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The Collaborative International Dictionary of English v.0.48:

Sizar \Si"zar\, n. One of a body of students in the universities of Cambridge (Eng.) and Dublin, who, having passed a certain examination, are exempted from paying college fees and charges. A sizar corresponded to a servitor at Oxford. [1913 Webster] The sizar paid nothing for food and tuition, and very little for lodging. --Macaulay. [1913 Webster] Note: They formerly waited on the table at meals; but this is done away with. They were probably so called from being thus employed in distributing the size, or provisions. See 4th Size, 2. [1913 Webster]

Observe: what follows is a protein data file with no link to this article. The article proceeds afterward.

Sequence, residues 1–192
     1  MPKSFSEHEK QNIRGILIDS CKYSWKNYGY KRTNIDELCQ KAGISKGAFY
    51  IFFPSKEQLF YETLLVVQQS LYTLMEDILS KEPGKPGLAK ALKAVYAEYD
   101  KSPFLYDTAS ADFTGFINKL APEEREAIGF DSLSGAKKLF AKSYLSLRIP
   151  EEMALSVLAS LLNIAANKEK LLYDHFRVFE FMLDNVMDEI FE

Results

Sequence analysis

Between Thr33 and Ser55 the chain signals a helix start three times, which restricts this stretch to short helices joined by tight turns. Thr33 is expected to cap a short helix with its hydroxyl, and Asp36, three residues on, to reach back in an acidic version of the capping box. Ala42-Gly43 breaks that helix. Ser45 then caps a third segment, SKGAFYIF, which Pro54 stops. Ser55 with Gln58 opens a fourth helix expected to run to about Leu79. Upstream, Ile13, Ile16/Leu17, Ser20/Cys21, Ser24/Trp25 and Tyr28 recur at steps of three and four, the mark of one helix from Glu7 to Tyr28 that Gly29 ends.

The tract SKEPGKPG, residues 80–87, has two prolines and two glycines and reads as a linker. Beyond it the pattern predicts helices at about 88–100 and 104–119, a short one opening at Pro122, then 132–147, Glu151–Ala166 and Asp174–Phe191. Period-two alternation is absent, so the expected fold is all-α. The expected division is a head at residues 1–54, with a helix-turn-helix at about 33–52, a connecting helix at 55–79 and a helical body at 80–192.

The Collaborative International Dictionary of English v.0.48:

Batteler \Bat"tel*er\, Battler \Bat"tler\, n. [See 2d Battel, n.] A student at Oxford who is supplied with provisions from the buttery; formerly, one who paid for nothing but what he called for, answering nearly to a sizar at Cambridge. --Wright. [1913 Webster]
The Collaborative International Dictionary of English v.0.48:

Famulist \Fam"u*list\, n. [L. famulus servant.] A collegian of inferior rank or position, corresponding to the sizar at Cambridge. [Oxford Univ., Eng.] [1913 Webster]